Given this, experts say primary results will have influence over the chances of either party winning Virginia’s Legislature, as particular primary candidates may fare better or worse in a competitive general election.

Most of the swing districts in the state are located on the fringes of the urban centers in Northern Virginia, Richmond or the Hampton Roads region — suburban areas that have proven decisive in recent elections.

Primary divides for both parties

On the Democrats’ side, one major breaking point between primary candidates is their financial backing, according to Democratic strategist Benjamin Tribbett. Several primaries pit one candidate endorsed by Dominion Energy, Virginia’s largest electric utility, against another endorsed by the advocacy group Clean Virginia, which donates to candidates who swear off campaign contributions from Dominion.

While energy is not a major issue on the ballot, the funding points to generational splintering within the party over Dominion’s historically dominant presence in Richmond politics.

“The new candidates, the ones who are running for the first time, are more likely to side with Clean Virginia, and the Dominion candidates have been in the Legislature for a long time,” Tribbett said.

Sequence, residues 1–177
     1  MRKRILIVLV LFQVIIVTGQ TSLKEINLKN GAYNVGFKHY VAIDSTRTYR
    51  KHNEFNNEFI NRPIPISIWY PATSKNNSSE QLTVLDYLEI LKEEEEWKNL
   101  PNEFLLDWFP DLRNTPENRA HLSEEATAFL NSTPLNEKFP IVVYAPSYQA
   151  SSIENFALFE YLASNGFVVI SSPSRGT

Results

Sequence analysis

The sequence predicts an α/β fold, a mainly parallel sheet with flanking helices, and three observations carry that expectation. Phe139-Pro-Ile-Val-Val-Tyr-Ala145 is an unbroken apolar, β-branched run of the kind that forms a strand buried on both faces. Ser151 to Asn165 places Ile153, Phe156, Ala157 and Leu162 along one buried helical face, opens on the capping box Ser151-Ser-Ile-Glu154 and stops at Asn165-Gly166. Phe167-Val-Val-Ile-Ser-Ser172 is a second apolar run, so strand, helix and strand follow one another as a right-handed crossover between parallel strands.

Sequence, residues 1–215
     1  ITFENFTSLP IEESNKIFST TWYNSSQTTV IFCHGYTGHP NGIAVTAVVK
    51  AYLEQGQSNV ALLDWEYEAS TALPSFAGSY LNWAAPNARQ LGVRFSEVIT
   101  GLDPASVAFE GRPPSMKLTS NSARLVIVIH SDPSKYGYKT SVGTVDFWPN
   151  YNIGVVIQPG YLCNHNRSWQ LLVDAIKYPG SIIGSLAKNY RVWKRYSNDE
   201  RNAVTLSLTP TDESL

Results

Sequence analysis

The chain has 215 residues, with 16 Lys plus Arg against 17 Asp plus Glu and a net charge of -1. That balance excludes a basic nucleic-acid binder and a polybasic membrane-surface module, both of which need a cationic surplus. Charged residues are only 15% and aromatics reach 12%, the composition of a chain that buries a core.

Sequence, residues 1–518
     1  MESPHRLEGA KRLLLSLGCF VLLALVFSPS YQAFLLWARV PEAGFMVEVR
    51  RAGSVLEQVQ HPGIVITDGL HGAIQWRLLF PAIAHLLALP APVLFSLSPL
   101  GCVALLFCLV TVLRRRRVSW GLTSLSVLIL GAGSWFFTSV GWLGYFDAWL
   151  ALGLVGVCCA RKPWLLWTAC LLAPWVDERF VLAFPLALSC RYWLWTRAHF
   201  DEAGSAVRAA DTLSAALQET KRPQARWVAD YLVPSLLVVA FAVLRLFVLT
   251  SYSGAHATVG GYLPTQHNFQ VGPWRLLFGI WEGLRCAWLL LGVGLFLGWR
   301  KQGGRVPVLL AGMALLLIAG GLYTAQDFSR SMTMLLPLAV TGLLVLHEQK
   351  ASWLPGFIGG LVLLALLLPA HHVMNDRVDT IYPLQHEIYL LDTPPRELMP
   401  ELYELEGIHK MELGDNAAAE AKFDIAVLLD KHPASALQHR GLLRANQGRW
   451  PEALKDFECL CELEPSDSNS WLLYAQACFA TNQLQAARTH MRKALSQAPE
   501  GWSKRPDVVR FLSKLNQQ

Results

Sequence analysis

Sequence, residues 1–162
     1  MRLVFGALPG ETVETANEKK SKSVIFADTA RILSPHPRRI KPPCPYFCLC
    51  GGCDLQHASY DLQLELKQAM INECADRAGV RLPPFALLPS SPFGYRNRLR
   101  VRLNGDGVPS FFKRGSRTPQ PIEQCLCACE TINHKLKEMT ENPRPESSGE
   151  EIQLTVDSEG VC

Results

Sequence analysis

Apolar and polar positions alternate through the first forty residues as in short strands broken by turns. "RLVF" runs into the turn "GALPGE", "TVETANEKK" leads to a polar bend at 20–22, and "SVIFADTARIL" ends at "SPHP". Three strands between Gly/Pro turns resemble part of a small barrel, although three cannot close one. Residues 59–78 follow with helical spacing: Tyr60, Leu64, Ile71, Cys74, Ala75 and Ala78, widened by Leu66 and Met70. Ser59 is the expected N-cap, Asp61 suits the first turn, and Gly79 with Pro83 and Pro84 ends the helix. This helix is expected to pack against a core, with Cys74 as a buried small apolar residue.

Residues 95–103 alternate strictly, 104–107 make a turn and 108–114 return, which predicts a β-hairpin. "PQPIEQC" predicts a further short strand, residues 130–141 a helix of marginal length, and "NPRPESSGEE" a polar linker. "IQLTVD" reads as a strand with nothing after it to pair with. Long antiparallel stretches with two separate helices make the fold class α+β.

The 2017 elections were a watershed moment for this issue, when 12 Clean Virginia-backed candidates won seats in Virginia’s House of Delegates. Now, more than two-thirds of state House Democrats are in that group — compared to about half of state Senate Democrats. This year’s record level of incumbent retirements, a result of Virginia’s recent redistricting reform, could create new inroads in the usually incumbent-friendly chamber.

“That’s really the question: whether that wave is now going to hit the Senate in 2023,” Tribbett said.

Meanwhile, Republican candidates differ on their support for former President Trump. Results from the nominating contests so far have been trickling in over the past few weeks, as localities conduct conventions — that is, a cluster of hyperlocal contests which use weighted voting to pick the winner — or “firehouse primaries,” all-day affairs that amount to massive winner-take-all competitions. There will be 16 more GOP primaries on Tuesday.